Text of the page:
Blended Methods, Flipped Learning, And The Cloud: Meet The Power Of Classroom Technology
Blended learning like juicing is the flavor of this academic year. In 2015 your eLearning wasn't learning, unless it was flipped. Whatever term is used, the power of classroom technology to enhance learning, whilst recognized, is not being used by many educators (Vaughan, 2016). This year more than ever I have taken to the Cloud like a duck to water. It's not just the plethora of free resources that are out there begging to be used, or the fact that they may provide novelty for my 16-19 year old students as a distraction from the mundane, but the power of these tools to provide learners with the feedback they need to move on. Teachers as mere humans are not omnipresent, much as we'd like to be. The Cloud however is, on 24/7; it can facilitate learning at the point to individualize learners needs whenever and wherever.
“Differentiation”, “stretch and challenge”, “individualized learning”, “collaborative learning”, “flipped”, or blended whatever monica Ofsted (Inspectors in England) and their ilk pick up on as the flavor of the month can of course all be achieved in the classroom and beyond utilizing traditional, non tech methodology. Many teachers are still blissfully ignorant of how classroom technology can return them valuable time, reduced workload, and improved learner outcomes.
Elephant In The Room
You may beg the question as to why this technological gap when access to Cloud based materials have been around for at least half a decade. Many teachers will respond that lack of time, training, and costs are to blame. The elephant in the room is fear of failure and having to meet quantitatively measured targets. Holding onto the tried and trusted, whilst knowing there must be a less punishing way, is the route many of us choose.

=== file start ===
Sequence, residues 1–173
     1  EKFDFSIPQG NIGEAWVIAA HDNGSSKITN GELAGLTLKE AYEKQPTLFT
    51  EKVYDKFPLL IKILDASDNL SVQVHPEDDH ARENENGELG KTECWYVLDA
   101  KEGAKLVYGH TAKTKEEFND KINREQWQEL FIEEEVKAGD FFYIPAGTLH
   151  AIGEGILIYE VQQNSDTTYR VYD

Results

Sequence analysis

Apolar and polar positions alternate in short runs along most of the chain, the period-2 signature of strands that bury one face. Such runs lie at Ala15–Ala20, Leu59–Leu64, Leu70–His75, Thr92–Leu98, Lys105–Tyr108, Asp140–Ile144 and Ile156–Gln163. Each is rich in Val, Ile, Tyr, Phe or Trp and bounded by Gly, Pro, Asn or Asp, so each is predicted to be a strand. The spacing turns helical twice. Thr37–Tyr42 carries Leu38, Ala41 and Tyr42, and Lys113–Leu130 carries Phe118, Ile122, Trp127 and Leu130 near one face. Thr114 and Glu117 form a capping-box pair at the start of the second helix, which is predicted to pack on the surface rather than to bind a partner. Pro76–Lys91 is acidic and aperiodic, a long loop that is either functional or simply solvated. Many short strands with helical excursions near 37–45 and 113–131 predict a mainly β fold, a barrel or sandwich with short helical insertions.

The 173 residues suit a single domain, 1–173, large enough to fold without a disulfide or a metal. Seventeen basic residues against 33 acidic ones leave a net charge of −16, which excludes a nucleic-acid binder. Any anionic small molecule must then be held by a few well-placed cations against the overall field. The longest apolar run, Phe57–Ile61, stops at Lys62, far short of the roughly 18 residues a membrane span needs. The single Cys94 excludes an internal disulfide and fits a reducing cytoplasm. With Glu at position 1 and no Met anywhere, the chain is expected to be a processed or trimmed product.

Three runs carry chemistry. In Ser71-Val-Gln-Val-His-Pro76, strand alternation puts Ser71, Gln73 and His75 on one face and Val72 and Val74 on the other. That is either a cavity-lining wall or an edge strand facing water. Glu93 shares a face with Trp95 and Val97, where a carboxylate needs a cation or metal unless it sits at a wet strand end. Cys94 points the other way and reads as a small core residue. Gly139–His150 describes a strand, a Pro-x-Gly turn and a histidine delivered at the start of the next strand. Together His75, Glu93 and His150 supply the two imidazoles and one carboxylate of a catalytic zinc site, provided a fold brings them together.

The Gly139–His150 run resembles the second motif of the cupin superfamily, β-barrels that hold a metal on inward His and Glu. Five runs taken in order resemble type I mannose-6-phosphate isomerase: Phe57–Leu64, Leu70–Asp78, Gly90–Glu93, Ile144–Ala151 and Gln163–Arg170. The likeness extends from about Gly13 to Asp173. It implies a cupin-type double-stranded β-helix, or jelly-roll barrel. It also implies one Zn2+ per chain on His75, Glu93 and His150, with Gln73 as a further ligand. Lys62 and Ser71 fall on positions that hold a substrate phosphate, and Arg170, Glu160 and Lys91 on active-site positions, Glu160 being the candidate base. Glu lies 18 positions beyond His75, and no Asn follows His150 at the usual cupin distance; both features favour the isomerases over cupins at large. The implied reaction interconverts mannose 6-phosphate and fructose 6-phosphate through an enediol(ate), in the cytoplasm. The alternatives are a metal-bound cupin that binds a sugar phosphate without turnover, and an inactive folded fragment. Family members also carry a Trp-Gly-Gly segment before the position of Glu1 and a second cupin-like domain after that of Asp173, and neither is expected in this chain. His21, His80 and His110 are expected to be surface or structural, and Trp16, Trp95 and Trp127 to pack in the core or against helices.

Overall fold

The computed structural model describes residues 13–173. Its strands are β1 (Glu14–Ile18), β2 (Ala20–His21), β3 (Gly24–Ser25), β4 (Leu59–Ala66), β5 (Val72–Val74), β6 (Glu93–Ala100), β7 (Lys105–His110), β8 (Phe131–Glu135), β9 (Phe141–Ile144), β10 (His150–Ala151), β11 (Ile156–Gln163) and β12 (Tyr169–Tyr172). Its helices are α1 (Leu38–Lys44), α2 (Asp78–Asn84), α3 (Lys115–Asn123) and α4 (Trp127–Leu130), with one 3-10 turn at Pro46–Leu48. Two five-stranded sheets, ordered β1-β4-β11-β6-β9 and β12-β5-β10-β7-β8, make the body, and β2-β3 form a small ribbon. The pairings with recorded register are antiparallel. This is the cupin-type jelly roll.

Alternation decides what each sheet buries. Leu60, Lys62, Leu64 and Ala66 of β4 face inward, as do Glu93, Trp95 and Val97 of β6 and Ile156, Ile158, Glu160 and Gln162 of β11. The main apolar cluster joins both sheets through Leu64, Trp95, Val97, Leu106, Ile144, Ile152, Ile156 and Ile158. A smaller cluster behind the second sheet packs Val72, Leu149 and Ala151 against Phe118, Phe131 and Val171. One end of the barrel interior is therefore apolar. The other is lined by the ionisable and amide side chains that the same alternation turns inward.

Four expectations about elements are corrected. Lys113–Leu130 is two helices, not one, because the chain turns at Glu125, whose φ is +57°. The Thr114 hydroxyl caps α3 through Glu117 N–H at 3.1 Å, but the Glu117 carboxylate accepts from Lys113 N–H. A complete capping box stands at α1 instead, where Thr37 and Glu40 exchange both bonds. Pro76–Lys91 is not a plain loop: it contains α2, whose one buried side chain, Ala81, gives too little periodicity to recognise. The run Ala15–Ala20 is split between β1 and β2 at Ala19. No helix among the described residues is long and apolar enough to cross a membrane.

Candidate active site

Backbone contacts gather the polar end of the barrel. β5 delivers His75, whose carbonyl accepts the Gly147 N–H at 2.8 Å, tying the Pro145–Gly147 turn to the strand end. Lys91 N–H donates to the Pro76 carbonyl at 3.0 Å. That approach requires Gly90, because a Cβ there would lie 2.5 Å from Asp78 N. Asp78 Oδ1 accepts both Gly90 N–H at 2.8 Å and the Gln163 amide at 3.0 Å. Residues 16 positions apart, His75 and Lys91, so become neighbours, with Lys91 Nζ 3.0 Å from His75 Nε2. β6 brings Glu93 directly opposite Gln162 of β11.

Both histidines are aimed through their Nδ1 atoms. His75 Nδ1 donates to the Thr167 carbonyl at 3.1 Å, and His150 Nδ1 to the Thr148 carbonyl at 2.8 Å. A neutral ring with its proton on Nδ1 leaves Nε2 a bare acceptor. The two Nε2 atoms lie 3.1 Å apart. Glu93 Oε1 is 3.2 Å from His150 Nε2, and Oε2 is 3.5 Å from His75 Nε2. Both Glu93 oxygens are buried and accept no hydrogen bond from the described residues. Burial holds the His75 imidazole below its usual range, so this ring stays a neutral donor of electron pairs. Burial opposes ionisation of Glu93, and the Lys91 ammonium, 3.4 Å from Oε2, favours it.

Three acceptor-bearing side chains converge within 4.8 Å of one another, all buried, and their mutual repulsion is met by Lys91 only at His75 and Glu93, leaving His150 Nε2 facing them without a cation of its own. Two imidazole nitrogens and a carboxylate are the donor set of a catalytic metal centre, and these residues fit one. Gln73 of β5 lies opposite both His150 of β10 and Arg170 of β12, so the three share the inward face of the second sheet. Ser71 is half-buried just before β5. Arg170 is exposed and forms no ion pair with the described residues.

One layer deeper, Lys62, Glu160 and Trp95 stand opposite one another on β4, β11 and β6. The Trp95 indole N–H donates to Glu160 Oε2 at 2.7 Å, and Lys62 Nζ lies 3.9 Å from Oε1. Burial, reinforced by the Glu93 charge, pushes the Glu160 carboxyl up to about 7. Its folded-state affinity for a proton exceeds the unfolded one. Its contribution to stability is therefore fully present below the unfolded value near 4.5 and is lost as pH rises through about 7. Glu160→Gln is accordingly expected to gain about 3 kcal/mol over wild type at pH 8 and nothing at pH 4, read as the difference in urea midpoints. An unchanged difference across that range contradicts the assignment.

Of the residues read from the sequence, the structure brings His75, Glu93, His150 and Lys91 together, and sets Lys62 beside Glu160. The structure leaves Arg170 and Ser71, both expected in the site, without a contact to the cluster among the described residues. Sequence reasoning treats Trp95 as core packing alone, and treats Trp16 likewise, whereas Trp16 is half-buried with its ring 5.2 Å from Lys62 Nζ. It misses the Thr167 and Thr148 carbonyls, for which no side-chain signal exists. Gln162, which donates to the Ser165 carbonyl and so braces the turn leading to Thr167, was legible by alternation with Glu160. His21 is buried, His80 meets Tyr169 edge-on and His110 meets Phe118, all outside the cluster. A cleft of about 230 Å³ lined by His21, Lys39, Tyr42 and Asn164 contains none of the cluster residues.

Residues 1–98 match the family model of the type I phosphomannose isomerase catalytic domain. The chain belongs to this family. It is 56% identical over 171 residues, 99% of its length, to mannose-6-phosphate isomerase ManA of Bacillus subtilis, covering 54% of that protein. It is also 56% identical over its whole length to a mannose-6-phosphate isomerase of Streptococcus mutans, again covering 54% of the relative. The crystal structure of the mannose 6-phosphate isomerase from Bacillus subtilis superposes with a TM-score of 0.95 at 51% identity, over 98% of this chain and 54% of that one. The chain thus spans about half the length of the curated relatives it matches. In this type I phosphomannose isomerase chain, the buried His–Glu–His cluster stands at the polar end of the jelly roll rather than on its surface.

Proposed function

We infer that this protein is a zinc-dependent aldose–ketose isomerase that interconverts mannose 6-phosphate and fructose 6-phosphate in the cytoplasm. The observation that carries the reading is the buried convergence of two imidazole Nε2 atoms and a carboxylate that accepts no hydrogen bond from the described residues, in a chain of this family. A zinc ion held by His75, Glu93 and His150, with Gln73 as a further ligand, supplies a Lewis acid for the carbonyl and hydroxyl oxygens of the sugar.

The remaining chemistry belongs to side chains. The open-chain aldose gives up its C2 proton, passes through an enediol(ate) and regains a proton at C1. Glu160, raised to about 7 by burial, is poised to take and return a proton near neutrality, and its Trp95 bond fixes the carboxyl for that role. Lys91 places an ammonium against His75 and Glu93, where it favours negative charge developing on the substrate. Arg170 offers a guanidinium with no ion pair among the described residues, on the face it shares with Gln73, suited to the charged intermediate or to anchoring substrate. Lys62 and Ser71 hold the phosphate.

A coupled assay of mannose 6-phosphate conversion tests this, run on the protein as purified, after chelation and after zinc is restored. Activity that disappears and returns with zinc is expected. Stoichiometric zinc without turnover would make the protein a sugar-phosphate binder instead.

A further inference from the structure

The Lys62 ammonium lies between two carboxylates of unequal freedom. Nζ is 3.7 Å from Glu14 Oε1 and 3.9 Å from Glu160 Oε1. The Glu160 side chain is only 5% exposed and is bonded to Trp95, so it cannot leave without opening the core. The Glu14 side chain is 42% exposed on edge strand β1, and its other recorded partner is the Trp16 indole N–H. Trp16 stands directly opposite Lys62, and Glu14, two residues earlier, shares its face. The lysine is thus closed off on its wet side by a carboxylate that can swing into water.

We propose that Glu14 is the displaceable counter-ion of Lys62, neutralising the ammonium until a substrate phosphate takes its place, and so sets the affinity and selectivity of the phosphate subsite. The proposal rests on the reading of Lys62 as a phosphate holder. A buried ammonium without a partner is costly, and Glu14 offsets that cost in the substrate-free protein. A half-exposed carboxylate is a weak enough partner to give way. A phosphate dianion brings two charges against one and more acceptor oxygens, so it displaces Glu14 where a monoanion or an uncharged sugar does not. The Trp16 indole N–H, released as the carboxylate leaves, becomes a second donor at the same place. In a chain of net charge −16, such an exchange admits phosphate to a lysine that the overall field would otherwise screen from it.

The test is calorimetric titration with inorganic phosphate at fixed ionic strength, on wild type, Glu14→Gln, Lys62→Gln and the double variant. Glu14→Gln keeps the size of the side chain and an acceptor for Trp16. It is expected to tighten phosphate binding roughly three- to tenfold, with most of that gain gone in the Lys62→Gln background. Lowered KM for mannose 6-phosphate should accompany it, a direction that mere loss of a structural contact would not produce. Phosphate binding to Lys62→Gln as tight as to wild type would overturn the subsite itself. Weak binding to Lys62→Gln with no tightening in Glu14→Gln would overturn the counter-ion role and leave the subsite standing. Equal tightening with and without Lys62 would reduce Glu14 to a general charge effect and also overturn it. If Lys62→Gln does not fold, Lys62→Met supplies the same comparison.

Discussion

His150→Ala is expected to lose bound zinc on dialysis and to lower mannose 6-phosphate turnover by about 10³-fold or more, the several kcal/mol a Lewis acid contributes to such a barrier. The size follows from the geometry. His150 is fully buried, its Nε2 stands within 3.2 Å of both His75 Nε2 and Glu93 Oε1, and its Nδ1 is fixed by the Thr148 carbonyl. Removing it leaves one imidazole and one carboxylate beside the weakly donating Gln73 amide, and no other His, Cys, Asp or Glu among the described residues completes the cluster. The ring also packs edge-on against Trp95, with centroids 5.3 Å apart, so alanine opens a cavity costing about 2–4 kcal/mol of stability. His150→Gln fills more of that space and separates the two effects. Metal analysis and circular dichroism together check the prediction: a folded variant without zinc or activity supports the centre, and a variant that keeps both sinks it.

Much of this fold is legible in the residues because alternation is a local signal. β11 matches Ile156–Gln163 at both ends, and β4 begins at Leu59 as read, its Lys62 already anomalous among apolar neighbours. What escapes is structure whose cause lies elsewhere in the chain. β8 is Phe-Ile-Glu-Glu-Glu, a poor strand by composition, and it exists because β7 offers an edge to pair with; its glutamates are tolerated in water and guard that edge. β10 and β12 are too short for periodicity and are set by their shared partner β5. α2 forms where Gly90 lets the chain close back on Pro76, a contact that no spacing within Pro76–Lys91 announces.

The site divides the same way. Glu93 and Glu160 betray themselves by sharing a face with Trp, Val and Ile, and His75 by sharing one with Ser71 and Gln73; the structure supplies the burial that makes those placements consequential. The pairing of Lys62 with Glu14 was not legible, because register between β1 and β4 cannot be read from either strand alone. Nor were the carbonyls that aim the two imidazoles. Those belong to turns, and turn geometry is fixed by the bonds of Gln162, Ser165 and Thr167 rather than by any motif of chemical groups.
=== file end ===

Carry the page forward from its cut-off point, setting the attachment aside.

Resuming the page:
Teachers are gluttons for punishment. Many of us need physiotherapy struggling home week after week with bags of marking. The mere stress induced sitting it out dreading the time to draw out the red pen ready to give timely and meaningful written feedback can call for a bottle of red wine. What happens when you spill that desperately needed glass of red wine over your grade A student’s beautifully constructed essay? Do you spend hours stressing over the thought that a student lied that they handed you the work or maybe you left it in the staff toilets?
A Renewed Romance With All Things Google
Google Drive for Education has solved many of these problems for me. Five years ago I wouldn't have touched it. In 2016 I couldn't be without. Binning the red pen I am able to give timely feedback from a bank of comments I have stored. Not only that I can feedback synchronously! That is at the same time the student is working on a report. My biggest savior came in 2014, when Google launched Google Classroom. Gone were the days when a student had shared work with me only for me having to use the search button to come up with 5 redrafted versions of the same work. Each classes' work stays in the same folder, named with the individual’s name never to be lost or have virtual red wine spilt over its hallowed contents. “Miss, it’s on the computer at home; or I've lost my pen drive!” are excuses of the 2010’s.